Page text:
We all know that artificial intelligence is on the rise. AI has been a hot new buzz word for the last few years, but practical usage of artificial intelligence dates much farther back.
Artificial intelligence is defined as a computer program able to perform a task that would historically require a human being.
These programs have existed since the advent of computers, but has really taken off in the last couple of years. The algorithms used by computers to perform these complex tasks have advanced considerably in recent years, and are much more sophisticated than they used to be.
As such, many individuals and institutions are looking at practical applications of these types of programs.
Today we are looking at how higher education has tried to implement AI into the admissions process and if it is an effective tool.
How Do Colleges Utilize AI?
Before we can analyze how colleges should or shouldn't be using this technology, we need to understand how it is currently being applied.
Like many businesses and organizations, private institutions are looking to use AI to streamline and automate tasks. This is true of all technological advancements, but the amount of tasks being moved onto AI is particularly high.
According to a survey of 400 schools, the most common use for any sort of AI in an admissions office is to filter through recommendation letters and transcripts. Alongside other elements of college applications, admissions offices are given thousands of these letters each year.
Right behind filtering through transcripts, the same survey found that a majority of schools use AI to send out automated messages. These include acceptance letters and updates on the application process. Standard automations one might find if they order an online package.
Lastly, 50% of schools pulled said they use some type of artificial intelligence to conduct or assist with an interview itself.
The survey concluded that a majority of schools were using AI to assist in their decision making, and that 87% of schools are expected to use some type of AI in their admissions process by the end of the year.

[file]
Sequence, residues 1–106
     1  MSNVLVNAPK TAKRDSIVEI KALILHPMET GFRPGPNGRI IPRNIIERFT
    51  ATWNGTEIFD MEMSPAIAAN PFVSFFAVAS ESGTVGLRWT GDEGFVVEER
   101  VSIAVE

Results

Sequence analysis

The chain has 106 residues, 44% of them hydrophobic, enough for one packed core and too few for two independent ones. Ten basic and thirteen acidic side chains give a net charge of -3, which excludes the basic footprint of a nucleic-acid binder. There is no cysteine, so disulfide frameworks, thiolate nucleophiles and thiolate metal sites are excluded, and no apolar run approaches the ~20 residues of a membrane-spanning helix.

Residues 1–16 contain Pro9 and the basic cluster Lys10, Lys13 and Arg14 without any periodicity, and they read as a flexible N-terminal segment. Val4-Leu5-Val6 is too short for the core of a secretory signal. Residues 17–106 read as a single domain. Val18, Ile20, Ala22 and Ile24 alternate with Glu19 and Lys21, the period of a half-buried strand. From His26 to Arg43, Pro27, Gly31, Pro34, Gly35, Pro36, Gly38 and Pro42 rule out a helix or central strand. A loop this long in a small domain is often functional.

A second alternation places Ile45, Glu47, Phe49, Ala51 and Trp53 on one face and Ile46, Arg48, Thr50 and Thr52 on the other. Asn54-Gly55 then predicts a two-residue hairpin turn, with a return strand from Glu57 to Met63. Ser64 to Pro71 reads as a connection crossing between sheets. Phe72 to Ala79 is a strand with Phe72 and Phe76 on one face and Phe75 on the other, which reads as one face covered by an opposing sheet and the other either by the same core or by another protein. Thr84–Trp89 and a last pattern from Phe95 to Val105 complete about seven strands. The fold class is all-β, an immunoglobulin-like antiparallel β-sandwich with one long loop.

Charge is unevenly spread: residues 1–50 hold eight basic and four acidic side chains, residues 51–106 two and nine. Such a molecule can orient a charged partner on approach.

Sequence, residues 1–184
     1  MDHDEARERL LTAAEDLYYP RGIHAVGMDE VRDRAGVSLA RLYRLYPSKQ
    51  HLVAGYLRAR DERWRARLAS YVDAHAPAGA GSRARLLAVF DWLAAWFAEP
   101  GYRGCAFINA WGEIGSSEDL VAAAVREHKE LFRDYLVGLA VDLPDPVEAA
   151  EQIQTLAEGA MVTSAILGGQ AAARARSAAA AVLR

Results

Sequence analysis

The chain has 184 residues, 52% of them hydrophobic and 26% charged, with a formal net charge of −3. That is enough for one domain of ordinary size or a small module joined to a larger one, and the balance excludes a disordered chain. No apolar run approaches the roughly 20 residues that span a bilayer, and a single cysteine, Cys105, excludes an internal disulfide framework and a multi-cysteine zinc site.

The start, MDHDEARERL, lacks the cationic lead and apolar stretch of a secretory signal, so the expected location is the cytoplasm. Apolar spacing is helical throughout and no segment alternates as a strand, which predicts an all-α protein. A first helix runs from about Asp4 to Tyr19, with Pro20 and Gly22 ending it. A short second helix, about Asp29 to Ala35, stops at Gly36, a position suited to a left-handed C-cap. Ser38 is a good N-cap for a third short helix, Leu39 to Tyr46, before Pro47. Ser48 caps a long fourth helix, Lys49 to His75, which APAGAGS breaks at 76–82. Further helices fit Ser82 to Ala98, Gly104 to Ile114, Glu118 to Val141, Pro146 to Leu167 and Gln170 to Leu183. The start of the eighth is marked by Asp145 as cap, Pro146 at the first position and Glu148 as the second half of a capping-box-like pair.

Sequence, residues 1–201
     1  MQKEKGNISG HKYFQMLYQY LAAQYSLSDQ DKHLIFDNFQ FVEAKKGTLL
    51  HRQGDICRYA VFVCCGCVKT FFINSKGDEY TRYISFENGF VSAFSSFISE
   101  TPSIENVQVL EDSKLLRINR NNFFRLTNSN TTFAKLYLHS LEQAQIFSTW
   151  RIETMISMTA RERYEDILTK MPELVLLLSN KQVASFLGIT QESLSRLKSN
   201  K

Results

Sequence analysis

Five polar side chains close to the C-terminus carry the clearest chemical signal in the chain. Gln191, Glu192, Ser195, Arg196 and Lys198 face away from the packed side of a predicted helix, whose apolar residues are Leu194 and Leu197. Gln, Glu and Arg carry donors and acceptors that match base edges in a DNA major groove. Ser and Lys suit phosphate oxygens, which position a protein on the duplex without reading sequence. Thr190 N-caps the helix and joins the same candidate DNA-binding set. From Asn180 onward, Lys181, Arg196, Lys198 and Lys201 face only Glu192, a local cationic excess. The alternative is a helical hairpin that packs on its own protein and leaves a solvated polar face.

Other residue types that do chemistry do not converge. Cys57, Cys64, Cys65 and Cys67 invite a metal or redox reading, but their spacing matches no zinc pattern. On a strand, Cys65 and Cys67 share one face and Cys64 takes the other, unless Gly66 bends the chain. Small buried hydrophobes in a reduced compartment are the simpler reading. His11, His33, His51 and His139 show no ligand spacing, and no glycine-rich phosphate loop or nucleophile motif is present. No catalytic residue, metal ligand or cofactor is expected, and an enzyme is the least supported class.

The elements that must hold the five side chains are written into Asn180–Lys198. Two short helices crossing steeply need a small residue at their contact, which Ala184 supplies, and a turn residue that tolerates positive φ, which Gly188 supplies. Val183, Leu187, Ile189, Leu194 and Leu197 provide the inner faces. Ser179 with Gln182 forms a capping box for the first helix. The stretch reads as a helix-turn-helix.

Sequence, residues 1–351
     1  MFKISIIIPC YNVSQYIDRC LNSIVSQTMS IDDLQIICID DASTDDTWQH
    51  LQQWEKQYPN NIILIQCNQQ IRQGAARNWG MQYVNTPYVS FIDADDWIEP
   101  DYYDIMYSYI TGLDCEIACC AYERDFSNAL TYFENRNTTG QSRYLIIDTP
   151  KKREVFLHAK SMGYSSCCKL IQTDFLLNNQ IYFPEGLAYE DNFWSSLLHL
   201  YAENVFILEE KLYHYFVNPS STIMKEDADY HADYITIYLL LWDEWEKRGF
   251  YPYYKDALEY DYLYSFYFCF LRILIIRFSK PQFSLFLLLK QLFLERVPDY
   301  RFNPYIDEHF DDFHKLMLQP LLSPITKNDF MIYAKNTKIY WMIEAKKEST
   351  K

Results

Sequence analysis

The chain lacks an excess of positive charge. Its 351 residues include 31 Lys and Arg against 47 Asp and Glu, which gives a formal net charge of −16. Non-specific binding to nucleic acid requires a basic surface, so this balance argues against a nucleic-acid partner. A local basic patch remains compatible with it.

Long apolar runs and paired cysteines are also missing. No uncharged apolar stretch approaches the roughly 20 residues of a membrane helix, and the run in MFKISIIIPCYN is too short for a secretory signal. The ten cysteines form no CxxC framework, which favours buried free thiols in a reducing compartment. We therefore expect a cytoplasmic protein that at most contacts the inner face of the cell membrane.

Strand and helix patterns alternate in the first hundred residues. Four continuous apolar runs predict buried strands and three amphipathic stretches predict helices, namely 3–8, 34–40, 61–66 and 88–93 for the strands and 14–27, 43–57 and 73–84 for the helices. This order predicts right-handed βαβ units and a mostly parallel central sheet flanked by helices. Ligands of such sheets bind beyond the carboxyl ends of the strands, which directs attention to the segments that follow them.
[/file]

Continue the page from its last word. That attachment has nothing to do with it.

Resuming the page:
That being said, these schools are not leaving the entire process up to computers. The software is assisting in some of the more baseline tasks, but the bulk of reviews are still overseen by human staff members.
Is AI Actually Making Decisions On College Applicants?
For the most part, AI is not making any critical decisions that would not also be made by a human.
Unlike a more personalized element of the college application, college transcripts tend to function as a checkbox. If a student reaches a certain benchmark or set of criteria, they will be considered for admission. Such a straightforward decision being put onto AI makes sense.
The same can be said about automated emails, as AI is just speeding up the process of a repetitive task.
While schools do still need to make subjective observations about their applicants, the numerical tasks can be easily done by these algorithms. This saves time for the human staff to focus on what elements they consider less straightforward to analyze.
While there is something to be said about the human touch, AI is a useful tool applicable to many different tasks.
College admissions offices deal with thousands of applicants, and some of the process is reviewing objective data to make sure it passed a benchmark. AI is best suited for these types of automation.
While the idea that computers are assisting in big decisions can be intimidating at first, it should be noted that new technology has been implemented into the college process for centuries now. AI is just the newest tool to assist workers in working more efficiently.
Regardless of who is looking over your application, the college process is all about building a case to sell yourself to these institutions. A combination of a good GPA, a strong application, and high standardized test scores are the key to success. No one piece will carry the entire weight.
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